We think in words, mostly. So if we have a lot of words at our command, and if they are complex and sophisticated words, we can think complex and sophisticated thoughts. That seems only logical, yes? It doesn’t mean that poor language skills make us dumb, but it does mean that a rich vocabulary can lead to fuller, more intellectual thinking.
That’s why language is both essential and worthy of our attention, even of our study. Today’s column, however, looks at a different benefit of a full and robust vocabulary — humor. No one will deny the sheer classic joy of using a banana peel properly, but humor that is word-based brings a different kind of delight, and it can take many different forms.
Playing with words’ sounds or appearance can make a joke, often by using a familiar phrase or concept in a new way. Look at the following examples. Attribution for them is mixed at times, but the Internet has facilitated their widespread enjoyment.
- If the police arrest a mime, do they tell him he has the right to remain silent?
- If a parsley farmer is sued, can they garnish his wages?
- Rigor Morris: The cat is dead.
- Respondez s’il vous plaid: Honk if you’re Scots.
- Acupuncture is a jab well done.
A favorite of mine is the silly Groucho Marx line, “Time flies like an arrow; fruit flies like a banana.” It’s clever because it uses two meanings of “flies,” two meanings of “like,” and a wonderful sense of rhythm. The two clauses are so similar in cadence that you’re caught unawares when you get to “banana.”
Another from Groucho: “A child of five could understand this. Fetch me a child of five.” I laugh every time I remember that one, partly because it fits his snide persona, partly because “fetch” is so much funnier than, say, “bring.” “Fetch” is funnier because the “f” sound is better (the play and movie of “The Sunshine Boys” will explain that), but also because “fetch” is more arcane. “Find me a child of five” would give the “f” sound, but it’s too common.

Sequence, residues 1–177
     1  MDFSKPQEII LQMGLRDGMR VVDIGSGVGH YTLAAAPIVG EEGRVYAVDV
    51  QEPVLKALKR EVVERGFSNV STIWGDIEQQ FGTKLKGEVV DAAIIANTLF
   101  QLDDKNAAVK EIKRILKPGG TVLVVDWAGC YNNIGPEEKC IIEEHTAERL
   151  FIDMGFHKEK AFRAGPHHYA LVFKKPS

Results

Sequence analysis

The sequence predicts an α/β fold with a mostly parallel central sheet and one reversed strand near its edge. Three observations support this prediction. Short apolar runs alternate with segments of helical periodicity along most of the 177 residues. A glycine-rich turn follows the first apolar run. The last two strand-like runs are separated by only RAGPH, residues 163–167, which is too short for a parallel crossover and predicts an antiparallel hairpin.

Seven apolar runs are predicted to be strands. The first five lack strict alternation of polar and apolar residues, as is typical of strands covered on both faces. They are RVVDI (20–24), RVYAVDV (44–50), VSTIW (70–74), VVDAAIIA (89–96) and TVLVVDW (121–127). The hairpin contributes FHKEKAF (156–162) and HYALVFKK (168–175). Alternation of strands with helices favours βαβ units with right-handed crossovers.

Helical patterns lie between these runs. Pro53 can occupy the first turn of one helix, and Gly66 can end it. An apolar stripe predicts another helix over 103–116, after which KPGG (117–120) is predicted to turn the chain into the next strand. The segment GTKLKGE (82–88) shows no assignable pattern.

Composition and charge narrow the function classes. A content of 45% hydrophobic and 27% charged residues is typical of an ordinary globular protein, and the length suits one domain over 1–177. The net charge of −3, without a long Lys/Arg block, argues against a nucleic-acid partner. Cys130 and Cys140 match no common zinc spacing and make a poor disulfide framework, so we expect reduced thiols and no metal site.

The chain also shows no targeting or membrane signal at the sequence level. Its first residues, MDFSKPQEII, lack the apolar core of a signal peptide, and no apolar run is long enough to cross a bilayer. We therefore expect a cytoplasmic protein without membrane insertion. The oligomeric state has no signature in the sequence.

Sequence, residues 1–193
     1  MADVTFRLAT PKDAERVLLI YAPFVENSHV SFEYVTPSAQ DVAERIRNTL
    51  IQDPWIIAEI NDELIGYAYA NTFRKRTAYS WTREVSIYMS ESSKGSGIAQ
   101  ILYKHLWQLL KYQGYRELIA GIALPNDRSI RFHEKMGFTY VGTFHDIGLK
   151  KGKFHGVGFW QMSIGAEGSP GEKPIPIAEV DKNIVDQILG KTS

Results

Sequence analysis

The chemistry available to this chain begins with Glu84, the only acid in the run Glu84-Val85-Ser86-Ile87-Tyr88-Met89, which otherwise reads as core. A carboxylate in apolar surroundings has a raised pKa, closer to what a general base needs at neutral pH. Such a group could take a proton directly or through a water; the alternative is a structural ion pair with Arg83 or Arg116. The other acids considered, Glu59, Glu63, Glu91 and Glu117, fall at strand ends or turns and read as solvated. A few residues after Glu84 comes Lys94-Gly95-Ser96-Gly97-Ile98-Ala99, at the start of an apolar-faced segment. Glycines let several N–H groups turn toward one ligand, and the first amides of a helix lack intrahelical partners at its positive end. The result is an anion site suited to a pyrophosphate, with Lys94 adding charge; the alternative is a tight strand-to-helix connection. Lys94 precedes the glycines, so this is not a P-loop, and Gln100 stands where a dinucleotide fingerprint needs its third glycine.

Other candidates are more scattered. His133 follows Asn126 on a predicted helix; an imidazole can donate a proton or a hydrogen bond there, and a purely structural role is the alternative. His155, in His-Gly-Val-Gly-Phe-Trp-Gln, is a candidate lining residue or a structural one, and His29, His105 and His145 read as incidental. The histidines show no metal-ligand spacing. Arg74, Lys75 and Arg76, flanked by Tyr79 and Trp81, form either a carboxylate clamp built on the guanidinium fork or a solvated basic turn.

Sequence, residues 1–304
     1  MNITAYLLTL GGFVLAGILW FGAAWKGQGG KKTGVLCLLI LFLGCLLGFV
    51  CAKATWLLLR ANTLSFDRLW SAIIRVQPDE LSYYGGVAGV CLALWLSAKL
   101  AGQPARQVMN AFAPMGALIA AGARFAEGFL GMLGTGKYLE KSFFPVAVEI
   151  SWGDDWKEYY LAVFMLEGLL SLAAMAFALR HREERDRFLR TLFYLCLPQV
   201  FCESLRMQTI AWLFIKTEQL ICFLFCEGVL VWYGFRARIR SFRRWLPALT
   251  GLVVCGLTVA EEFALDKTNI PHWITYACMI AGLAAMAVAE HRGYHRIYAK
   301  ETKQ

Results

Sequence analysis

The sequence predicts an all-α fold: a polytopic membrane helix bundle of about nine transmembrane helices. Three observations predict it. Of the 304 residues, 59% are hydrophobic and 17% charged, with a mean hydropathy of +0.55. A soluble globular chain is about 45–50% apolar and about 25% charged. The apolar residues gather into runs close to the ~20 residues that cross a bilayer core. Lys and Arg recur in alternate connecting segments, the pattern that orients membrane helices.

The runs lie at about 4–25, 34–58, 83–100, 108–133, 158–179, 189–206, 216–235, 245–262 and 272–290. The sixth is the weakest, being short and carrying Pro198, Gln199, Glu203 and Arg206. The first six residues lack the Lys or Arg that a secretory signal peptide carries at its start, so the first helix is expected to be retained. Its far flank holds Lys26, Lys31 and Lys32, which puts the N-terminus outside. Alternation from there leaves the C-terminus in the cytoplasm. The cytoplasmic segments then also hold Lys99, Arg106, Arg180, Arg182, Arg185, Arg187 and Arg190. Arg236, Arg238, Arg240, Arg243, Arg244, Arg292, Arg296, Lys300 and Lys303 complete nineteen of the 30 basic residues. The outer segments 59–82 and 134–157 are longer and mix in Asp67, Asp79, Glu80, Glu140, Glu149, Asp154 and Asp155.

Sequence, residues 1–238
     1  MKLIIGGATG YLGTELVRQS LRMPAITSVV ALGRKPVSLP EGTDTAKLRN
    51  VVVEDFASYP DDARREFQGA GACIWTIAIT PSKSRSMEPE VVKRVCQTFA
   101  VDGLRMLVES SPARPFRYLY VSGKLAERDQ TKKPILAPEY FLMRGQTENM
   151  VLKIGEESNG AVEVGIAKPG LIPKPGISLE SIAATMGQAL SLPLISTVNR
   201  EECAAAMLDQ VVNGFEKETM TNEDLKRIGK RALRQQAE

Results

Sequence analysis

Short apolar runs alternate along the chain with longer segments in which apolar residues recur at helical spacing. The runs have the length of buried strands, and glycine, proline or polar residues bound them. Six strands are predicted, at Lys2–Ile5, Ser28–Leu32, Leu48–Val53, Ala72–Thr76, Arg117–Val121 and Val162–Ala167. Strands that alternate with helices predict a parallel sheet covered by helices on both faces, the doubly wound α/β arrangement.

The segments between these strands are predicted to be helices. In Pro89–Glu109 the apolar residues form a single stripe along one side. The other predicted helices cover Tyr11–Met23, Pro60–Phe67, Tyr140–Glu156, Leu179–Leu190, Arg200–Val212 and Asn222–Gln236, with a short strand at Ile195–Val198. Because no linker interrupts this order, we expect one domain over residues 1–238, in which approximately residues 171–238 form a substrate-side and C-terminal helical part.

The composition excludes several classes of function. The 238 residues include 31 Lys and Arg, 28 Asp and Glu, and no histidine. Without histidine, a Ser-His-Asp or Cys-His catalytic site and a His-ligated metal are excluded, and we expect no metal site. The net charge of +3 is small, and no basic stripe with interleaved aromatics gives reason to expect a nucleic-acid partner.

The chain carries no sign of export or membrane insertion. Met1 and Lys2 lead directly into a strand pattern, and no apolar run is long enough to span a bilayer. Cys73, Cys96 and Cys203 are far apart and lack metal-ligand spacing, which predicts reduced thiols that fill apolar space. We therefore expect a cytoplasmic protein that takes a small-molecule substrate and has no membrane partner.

I don’t know which of his classic sayings Groucho wrote and which he bought, if any, but his bizarre humor is apparent in this one: “Outside of a dog, a book is your best friend, and inside of a dog, it's too dark to read.” Weird humor, but I mention it because it is dependent on the double meaning of “outside,” without which the joke couldn’t go inside.
Here are a few more, all from well-known humorists who were extremely aware of words and how to use them.
“I didn't attend the funeral, but I sent a nice letter saying I approved of it.” - Mark Twain
“He had delusions of adequacy.” - Walter Kerr
“Some cause happiness wherever they go, others whenever they go.” - Oscar Wilde
“He has Van Gogh's ear for music.” - Billy Wilder
Of course, it helps to be old or learned enough to know who those people were, because most of the quotes fit the public persona of the speaker. Are you familiar with Mae West? If so, you can hear the inflection of her voice in this quote: ““His mother should have thrown him away and kept the stork.”
Finally (and this might very well be just me), I find daily humor in unintended redundancies. For example, my wife and I have terrific yoga instructors, and almost all of them give the instruction to “slowly lower yourself down to the mat.” Naturally, I always do so with a smile as I wonder if the really advanced yogis can lower themselves UP.
Here’s another. It’s not a knee-slapper, but I’d like you to think about it. Sometimes, numbers are treated in this way — “We have sixty-two (62) faculty members; twenty-four (24) have graduate teaching status.” What part of “62” or of “sixty-two” is so confusing that one needs both words and digits? Oh — I read sixty-two, but I didn’t see any digits, so I thought you meant eleven!
Let’s finish with an amusing redundancy that is almost universal and certainly will never disappear. Let it serve as a reminder to pay attention to what we’re saying. Do you like tuna fish? Do you see the redundancy? It makes me want to order chicken fowl.